Neatly described as "America's Best Idea," the National Park Service has many properties, each quite different from the next. A case in point is Virginia's Richmond National Battlefield Park, which its managers point out is not just the tale of one large Civil War battle, nor even one important campaign. "Instead, the park's resources include a naval battle, a key industrial complex, the Confederacy's largest hospital, dozens of miles of elaborate original fortifications, and the evocative spots where determined soldiers stood paces apart and fought with rifles, reaping a staggering human cost," they say.
Even so, there were two major campaigns to take Richmond: the first in 1862 (the Peninsula Campaign), the second in 1864 (the Overland Campaign). And for all the fighting, no Union troops (other than prisoners of war) reached Richmond until after the Confederate government evacuated the city on April 2, 1865. General Ulysses S. Grant never got to the city.
More than one million Americans were killed or injured during the four-year Civil War, centered on Richmond as capital of the Confederacy. Other notable historical highlights include a visit by Abraham Lincoln on April 4 and 5, just days before his own assassination in Washington, D.C.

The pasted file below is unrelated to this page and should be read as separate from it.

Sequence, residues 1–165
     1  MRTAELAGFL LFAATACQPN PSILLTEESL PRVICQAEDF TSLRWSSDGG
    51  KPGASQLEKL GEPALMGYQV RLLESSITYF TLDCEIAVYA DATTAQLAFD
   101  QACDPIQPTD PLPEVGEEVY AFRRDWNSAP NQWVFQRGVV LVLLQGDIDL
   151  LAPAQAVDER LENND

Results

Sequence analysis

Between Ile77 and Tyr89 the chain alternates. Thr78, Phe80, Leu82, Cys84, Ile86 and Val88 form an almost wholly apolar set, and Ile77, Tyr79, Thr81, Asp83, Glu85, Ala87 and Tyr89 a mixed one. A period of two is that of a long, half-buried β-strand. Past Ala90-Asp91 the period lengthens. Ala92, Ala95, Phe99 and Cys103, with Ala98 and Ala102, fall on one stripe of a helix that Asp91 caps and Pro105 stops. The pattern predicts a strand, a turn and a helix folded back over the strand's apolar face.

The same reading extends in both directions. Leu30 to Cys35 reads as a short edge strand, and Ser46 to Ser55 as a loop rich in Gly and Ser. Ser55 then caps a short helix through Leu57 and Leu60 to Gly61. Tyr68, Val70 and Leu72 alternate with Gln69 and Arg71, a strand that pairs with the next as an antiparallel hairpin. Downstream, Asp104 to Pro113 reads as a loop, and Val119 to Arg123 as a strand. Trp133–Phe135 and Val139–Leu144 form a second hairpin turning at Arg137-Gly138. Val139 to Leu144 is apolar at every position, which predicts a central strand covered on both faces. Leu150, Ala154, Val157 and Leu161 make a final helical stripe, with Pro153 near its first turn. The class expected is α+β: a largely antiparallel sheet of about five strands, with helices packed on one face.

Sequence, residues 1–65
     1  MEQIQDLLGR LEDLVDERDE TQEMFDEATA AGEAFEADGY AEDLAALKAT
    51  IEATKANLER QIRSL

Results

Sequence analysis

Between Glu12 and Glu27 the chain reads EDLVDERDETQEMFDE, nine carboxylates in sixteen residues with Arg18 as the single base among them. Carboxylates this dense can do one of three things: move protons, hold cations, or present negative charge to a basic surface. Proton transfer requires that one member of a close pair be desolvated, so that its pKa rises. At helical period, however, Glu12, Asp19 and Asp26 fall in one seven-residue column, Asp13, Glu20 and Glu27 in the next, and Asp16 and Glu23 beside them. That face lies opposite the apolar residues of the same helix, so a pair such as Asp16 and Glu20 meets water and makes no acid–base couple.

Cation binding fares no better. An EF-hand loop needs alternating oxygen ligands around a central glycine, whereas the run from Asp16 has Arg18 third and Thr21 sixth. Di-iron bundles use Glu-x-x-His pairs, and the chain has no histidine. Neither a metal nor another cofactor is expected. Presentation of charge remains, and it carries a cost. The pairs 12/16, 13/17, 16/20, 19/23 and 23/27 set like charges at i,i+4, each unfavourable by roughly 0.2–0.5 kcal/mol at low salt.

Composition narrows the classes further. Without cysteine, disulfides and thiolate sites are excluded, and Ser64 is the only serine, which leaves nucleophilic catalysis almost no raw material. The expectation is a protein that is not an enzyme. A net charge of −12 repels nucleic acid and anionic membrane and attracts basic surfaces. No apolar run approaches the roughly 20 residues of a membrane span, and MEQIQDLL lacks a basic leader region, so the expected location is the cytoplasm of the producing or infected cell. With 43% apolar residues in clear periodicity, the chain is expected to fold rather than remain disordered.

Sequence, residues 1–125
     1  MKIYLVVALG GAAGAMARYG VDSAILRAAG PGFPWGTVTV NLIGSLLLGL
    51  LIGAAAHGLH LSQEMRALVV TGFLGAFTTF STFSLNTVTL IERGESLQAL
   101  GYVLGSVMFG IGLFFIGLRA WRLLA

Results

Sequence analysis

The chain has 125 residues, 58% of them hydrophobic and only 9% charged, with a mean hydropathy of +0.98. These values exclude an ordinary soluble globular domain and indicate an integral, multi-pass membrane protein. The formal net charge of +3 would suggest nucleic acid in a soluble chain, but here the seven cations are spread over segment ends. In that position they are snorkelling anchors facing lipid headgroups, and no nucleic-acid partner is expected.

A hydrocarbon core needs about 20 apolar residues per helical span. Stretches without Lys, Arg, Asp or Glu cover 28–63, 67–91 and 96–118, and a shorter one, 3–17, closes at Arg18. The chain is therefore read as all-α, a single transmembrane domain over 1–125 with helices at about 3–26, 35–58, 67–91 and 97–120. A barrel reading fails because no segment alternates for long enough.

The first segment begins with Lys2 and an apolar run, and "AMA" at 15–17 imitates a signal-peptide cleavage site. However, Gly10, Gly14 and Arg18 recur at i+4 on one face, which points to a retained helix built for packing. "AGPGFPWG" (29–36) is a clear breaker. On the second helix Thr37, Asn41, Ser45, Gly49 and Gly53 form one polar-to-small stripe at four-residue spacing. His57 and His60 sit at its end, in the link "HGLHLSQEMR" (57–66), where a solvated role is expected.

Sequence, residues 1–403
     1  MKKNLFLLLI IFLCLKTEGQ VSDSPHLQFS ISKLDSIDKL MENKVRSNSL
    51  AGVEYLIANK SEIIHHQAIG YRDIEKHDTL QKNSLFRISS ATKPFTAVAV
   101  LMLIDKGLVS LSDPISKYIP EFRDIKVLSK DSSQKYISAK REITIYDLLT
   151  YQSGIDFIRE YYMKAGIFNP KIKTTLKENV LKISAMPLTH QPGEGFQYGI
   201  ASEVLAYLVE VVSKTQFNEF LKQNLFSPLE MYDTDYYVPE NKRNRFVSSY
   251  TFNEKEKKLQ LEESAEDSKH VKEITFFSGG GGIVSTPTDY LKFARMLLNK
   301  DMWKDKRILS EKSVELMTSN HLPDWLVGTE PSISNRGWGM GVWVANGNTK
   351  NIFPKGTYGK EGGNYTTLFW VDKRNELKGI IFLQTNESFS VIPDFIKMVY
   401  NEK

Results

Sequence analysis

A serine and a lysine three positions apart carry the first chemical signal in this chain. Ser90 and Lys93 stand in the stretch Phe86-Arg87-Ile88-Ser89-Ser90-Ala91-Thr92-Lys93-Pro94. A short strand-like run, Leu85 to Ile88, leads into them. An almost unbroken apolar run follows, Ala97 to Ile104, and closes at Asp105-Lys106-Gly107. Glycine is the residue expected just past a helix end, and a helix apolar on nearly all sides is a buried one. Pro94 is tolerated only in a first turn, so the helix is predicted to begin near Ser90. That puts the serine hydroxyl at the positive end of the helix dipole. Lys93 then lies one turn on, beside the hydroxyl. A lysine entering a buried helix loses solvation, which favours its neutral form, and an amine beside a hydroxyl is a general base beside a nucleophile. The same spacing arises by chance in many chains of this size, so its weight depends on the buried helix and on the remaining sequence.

The park was established in 1936, and has been listed on the National Register of Historical Places since 1966.
Begin your visit at the park's Civil War Visitor Center, in the old Tredegar Iron Works at 470 Tredegar Street. Here, park rangers can provide maps for touring the battlefields. There are four other Visitor Centers, one each at the Chimborazo Medical Museum in Richmond, one at Cold Harbor Battlefield, one at Fort Harrison (where General Grant fought), and one at Glendale/Malvern Hill Battlefields. The last two are open only in summer months.
There are 13 areas within the 1,900-acre park, many with self-guided trails that take you past historical features such as earthworks and structures. In addition to the areas near visitor centers, check out Chickahominy Bluff, Beaver Dam Creek (Robert E. Lee's first battle as commander of the Army of Northern Virginia), Gaines' Mill, the Garthright House, Drewry's Bluff (a naval battle), and Parker's Battery.
A fascinating story here concerns the United States Colored Troops (USCT), who charged the Rebel forces at New Market Heights on Sept. 29, 1864. An amazing 14 men received the Congressional Medal of Honor for their valor in battle that day.
There are five National Cemeteries where most of the Union dead are buried, while most of the Confederate soldiers are buried at either Hollywood or Oakwood cemeteries.
Hours & Seasons
Park battlefields are open sunrise to sunset. Visitor centers are open 9am-5pm daily. Closed on Thanksgiving, Dec. 25, and Jan. 1.
There are no entrance fees to the Richmond National Battlefield Park sites.
There were 130,415 visitors to the park in 2010. The highest figure to date was 481,300 in 1971.